Bleecker has given talks and exhibited many of his emerging media and art-technology projects, designs and concepts in venues such as SIGGRAPH, Lift, Xerox PARC, O’Reilly Emerging Technology Conference, O’Reilly Where 2.0 Conference on Location-Based Technology, Ubicomp, Ars Electronica, ACM SIGCHI, ACM Advances in Computer Entertainment, Banff New Media Institute, American Museum of the Moving Image, Art Interactive (Boston), Boston Cyberarts Festival, Reboot, Eyebeam Atelier (New York City), and SK Telecom’s Art Center Nabi (South Korea). Before joining USC, Bleecker worked as an entertainment technology consultant, creating mobile and networked applications for commercial entertainment clients.

Bleecker has a BS in Electrical Engineering from Cornell University, an MS Eng from the University of Washington, Seattle, and a Ph.D. from the University of California, Santa Cruz where his dissertation was on the relationships amongst technology, entertainment and popular culture.

Professional Statement

Research Statement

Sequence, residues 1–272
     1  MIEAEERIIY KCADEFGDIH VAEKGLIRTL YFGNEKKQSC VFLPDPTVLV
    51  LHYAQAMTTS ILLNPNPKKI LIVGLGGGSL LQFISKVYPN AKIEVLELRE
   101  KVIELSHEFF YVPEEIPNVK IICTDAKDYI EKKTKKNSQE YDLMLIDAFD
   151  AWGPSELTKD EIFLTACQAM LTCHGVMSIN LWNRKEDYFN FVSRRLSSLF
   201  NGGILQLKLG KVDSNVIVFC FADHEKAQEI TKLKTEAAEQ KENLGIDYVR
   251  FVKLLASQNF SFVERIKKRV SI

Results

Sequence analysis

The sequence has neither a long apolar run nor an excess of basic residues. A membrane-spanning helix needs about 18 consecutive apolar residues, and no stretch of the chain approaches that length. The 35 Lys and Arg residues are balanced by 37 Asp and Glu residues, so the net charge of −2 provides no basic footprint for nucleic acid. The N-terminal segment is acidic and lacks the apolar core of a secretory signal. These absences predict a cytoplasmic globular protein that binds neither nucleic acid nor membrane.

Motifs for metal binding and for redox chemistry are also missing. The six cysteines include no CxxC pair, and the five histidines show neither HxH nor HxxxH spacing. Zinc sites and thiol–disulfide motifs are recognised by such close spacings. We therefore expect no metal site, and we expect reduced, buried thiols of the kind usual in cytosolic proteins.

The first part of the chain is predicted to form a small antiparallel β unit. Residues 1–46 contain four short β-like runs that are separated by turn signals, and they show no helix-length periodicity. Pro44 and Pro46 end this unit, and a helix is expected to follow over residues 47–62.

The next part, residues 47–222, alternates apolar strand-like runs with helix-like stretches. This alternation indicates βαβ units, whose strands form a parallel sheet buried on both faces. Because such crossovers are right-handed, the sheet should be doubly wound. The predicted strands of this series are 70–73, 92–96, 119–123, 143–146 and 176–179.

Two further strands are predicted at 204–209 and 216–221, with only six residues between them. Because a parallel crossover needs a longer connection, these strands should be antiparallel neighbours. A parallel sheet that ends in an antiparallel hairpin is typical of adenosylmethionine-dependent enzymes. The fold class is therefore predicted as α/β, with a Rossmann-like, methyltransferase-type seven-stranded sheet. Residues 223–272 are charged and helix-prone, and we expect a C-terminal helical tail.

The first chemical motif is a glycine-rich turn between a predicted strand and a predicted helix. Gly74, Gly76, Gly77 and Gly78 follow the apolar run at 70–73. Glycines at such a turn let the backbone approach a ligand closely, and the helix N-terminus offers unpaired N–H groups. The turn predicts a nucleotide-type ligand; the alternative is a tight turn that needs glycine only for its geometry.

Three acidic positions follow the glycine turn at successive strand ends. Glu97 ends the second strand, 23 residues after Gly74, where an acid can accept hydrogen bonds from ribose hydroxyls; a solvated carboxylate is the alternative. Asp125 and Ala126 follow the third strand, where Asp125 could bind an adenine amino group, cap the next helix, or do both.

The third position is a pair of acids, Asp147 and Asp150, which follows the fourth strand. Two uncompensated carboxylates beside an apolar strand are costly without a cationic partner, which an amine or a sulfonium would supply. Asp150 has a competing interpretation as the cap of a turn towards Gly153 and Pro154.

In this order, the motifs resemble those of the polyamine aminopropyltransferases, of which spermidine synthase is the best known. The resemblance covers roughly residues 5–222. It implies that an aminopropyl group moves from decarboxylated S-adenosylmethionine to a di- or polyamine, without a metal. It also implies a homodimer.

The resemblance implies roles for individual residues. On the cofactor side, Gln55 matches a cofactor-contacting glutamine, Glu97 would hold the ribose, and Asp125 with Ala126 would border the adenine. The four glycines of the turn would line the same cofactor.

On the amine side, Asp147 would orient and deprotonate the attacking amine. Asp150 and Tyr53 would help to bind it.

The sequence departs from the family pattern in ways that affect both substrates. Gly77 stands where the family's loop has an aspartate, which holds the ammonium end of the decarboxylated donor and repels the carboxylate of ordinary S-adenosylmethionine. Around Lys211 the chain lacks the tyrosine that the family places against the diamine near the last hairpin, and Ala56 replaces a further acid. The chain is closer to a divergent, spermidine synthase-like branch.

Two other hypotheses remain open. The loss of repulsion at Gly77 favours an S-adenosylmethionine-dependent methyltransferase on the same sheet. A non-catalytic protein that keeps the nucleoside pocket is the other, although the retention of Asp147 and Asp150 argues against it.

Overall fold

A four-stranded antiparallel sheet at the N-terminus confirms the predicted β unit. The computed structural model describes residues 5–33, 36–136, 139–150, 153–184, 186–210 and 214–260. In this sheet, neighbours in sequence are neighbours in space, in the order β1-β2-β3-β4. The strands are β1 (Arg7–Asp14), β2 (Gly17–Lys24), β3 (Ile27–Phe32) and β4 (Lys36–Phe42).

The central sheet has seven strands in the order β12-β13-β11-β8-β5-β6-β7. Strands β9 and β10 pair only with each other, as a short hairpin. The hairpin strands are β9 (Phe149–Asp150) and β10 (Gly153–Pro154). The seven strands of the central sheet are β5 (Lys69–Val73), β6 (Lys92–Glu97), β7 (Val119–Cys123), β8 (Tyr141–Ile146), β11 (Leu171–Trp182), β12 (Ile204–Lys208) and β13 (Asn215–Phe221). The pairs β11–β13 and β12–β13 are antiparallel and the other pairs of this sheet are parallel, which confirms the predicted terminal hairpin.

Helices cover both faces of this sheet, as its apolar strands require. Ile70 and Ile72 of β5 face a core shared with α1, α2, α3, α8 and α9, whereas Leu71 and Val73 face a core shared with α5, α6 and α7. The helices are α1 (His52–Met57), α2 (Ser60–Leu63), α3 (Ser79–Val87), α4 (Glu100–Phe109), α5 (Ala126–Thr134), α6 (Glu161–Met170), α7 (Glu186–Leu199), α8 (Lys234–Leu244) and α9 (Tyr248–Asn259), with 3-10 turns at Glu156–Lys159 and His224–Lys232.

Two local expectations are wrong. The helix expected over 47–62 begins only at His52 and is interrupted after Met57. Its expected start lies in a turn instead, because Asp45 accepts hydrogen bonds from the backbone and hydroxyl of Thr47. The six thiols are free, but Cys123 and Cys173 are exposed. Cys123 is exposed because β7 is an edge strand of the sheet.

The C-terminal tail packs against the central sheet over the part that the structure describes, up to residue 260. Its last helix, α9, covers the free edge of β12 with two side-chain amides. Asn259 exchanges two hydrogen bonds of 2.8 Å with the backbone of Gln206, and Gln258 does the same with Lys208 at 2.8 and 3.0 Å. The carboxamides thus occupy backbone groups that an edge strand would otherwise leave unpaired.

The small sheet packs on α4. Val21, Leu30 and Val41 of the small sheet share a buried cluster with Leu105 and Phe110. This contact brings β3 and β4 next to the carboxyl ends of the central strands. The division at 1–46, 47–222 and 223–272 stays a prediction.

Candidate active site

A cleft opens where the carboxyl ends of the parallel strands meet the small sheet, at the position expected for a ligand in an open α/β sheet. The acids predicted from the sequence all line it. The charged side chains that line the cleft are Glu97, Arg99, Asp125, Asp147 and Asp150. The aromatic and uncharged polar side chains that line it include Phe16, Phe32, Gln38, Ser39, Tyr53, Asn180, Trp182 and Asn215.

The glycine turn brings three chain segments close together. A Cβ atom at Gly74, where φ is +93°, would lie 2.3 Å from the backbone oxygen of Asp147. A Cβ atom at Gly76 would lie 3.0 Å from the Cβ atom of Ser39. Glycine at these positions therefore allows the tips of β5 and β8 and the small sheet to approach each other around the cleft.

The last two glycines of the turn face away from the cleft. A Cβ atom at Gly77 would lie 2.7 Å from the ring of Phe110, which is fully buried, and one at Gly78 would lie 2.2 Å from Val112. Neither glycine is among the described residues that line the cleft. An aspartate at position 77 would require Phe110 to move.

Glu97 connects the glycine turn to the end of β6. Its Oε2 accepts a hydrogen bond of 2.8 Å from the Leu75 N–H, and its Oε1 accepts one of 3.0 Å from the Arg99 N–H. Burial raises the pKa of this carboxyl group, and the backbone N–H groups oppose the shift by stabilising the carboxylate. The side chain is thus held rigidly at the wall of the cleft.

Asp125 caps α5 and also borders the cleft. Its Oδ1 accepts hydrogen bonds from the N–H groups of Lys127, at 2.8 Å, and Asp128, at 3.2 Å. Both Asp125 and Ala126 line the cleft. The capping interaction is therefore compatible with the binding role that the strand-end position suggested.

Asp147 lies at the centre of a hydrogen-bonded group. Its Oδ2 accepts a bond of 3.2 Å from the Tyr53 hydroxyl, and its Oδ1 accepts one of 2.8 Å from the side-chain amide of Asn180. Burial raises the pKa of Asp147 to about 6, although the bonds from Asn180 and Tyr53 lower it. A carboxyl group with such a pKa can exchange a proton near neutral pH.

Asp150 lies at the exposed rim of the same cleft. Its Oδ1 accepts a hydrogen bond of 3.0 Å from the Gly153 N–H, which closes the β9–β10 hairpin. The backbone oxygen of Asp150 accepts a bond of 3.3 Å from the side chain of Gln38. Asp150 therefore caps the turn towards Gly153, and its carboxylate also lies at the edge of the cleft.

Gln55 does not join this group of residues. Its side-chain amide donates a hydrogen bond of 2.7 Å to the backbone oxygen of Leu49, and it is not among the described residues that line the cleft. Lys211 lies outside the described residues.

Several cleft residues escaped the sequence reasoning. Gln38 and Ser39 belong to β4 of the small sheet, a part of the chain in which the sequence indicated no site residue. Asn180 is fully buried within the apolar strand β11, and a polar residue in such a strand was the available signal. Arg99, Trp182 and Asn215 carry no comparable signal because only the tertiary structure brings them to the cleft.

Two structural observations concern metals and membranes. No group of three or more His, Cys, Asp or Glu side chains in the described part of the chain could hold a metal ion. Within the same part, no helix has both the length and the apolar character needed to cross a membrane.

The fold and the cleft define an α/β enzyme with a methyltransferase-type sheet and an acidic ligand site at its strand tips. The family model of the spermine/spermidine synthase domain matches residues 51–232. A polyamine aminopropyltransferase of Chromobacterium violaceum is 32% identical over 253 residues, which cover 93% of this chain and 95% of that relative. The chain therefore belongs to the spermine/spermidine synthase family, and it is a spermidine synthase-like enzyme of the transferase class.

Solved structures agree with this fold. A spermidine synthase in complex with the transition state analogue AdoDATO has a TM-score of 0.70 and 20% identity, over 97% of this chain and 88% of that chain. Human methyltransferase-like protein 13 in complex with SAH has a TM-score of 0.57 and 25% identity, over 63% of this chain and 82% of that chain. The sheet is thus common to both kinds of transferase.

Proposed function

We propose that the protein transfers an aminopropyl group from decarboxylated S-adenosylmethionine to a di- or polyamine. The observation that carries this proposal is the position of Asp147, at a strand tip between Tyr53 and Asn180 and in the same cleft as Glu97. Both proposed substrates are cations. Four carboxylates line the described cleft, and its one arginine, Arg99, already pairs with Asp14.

Extended Research Statement


Curriculum Vitae

Press Binder

Work Samples

What The Experts Fail To Grok About Google Maps

I wrote a super quick, super short comment to a recent editorial on Directions Magazine’s site:

My point was to indicate one of the important characteristics that I feel the editorial missed as it pitted experts against the wide-eyed, bushy-tailed novices creating Google Maps mashups. In a word — collaborative mapping. The ability for many hands, eyeballs, brains and sensibilities to contribute in a collective fashion to map making and world viewing. I’m going to start a new category — collaborative cartography.

I may’ve read your dispatch wrong, but calling for GIS experts to stay at their posts suggests a kind of narrow perspective on what’s changing in the world of locative media and services — collaboration.

Experts’ GIS systems for all their sophistication are far behind in their ability to provide the kind of massively multiparticipatory collaborative mapping that something as “basic” as Google Maps provides, right out of the box, and for a negligible cost. Pretty soon, if not already, GIS systems as we know them today will be as cranky and useless for their inability to dynamically correct through the collaboration of hundreds to millions of contributors.

There’s no questioning the sophistication of a self-regulating social formation of many, many cartographers working on creating maps of everything that matters to them, including the infrastructure maps you privilege. I could map right now, without ESRI and for all to see, including my local water utility, the leaky main in the back alley. Is the guy in the public works office downtown going to be able to do that? Maybe yes..but why should it’s right here 30 meters from where I sit?